A few weeks after school bus delays affected students in the public and Catholic school boards, a spokesperson for the company providing school bus service in Guelph says those issues have been ironed out.
Staffing issues experienced early in the school year have been brought under control, said Rich Bagdonas, director of business and organizational development at Switzer-Carty Transportation — the only home-to-school transportation provider for the public and Catholic school boards in Guelph.
“It was a little bit tighter for drivers because we had some people who didn’t come back the first week of school,” said Bagdonas of the school bus driver shortage that occurred in the first two weeks of school in September.
“Right now — knock on wood — we are doing really good,” he added.
The delays on some routes were resolved through collaborative efforts between the Transportation Consortium and school bus operators, said Tamara Nugent, director of education with the Wellington Catholic District School Board.
We are especially grateful for the patience of our community as we worked through both an immediate and longer-term solution to ensure the safe and timely transport of our students,” said Nugent.
Heather Loney, Communications and Community Engagement Officer with the Upper Grand District School Board, also said improvements have been made to the bus delays experienced by some earlier in the school year.
“Additional drivers continue to be trained and brought into the system,” said Loney.
Switzer-Carty took over the transportation of students in Guelph during the last school year, after winning a procurement process for the service brought on by the provincial government.
The company was founded in 2011 and also provides busing in Hamilton and Burlington. Bagdonas said many of the executive team employees came from another student transportation company.
“We are a smaller privately-owned Canadian company,” he said of Switzer-Carty. “We have been slowly growing our business.”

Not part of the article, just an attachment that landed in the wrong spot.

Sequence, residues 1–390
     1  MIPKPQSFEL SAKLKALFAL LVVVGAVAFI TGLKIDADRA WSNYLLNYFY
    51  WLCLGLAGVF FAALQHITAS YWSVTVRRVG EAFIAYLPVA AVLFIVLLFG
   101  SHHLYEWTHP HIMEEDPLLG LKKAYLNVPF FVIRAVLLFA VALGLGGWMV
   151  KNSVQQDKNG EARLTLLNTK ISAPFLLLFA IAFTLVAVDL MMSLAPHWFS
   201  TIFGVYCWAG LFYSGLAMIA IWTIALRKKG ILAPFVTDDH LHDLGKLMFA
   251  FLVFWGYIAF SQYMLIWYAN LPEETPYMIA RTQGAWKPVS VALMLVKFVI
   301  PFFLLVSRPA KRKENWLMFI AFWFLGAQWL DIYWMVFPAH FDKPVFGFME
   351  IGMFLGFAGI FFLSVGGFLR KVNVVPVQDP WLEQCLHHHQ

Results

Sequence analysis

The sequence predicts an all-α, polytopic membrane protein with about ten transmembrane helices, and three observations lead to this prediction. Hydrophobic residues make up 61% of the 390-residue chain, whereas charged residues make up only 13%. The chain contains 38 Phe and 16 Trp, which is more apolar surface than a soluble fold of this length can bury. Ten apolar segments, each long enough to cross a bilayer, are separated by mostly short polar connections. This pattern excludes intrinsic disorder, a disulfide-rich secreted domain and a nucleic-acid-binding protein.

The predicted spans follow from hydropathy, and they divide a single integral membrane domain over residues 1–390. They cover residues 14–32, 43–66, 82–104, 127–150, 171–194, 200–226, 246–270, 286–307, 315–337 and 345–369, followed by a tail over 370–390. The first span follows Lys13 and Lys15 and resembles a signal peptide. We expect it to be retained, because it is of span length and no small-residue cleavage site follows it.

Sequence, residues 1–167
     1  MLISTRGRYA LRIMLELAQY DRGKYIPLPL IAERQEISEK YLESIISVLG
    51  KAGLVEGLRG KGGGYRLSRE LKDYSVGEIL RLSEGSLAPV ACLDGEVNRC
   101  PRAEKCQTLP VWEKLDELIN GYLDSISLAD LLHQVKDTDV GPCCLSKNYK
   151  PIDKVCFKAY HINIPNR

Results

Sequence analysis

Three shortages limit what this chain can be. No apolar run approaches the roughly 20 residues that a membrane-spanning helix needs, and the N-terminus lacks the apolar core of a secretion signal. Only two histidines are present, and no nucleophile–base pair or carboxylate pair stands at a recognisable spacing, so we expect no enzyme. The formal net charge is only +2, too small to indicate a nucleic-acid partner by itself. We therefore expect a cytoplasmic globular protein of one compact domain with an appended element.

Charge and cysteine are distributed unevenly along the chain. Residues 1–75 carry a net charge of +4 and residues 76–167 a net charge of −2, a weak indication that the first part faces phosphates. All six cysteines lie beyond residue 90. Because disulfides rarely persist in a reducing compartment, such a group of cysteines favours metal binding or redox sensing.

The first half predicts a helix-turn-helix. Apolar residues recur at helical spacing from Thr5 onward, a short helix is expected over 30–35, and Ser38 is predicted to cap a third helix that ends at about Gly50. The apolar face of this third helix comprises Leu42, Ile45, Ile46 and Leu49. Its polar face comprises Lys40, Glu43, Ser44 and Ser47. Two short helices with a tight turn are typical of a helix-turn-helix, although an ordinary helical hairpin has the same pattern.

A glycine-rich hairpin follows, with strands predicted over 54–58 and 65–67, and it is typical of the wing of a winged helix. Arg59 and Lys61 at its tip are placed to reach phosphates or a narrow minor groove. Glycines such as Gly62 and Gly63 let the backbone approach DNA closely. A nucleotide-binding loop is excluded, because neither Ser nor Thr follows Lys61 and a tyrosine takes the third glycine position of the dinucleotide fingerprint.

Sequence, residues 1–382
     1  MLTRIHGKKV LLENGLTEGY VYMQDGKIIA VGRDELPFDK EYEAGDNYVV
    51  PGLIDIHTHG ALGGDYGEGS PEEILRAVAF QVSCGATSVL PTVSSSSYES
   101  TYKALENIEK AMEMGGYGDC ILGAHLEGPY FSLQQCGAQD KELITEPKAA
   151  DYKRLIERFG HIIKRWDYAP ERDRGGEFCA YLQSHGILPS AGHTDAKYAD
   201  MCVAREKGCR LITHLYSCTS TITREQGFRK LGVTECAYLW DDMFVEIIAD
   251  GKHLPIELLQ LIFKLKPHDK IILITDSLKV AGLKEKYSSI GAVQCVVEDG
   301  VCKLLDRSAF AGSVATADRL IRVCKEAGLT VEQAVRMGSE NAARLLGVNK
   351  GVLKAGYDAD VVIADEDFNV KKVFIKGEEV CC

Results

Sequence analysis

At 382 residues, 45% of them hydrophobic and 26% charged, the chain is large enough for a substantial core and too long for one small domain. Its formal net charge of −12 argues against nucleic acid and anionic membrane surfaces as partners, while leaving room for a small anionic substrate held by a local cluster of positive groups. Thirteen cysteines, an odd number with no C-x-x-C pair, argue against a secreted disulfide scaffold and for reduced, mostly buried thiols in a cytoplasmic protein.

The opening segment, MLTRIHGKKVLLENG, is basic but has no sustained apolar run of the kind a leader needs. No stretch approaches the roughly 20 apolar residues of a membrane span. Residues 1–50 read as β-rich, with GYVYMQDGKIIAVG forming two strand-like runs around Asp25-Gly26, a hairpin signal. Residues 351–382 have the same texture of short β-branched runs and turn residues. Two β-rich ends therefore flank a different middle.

Bagdonas said the company made every reasonable effort to rehire the drivers who were formerly employed by the previous company that provided the service.
“We offered jobs to every single driver in Guelph that was working for the existing company, as long as they passed certain criteria,” he said.
Some attrition, as well as some holidays, were the cause of the shortage in early September, he said.
“After our first year, we now have things somewhat under control after the first couple of weeks,” said Bagdonas.
A driver hiring bonus and retention program offered by the provincial government has also been helpful, he said.
“It’s great that the province recognizes there is an issue,” said Bagdonas.
Switzer-Carty is currently in the second year of a 10-year contract to provide student transportation services in Guelph.
As the company is new to the community, Bagdonas said it has been important for it to get involved. Switzer-Carty has since partnered with the Guelph Storm, Guelph Royals and was a sponsor of RibFest and the Big Brothers Big Sisters run in Guelph.
“School busing at its root is community-based,” said Bagdonas. “It’s taken us about a year to figure out how to engage locally and we are still doing that.”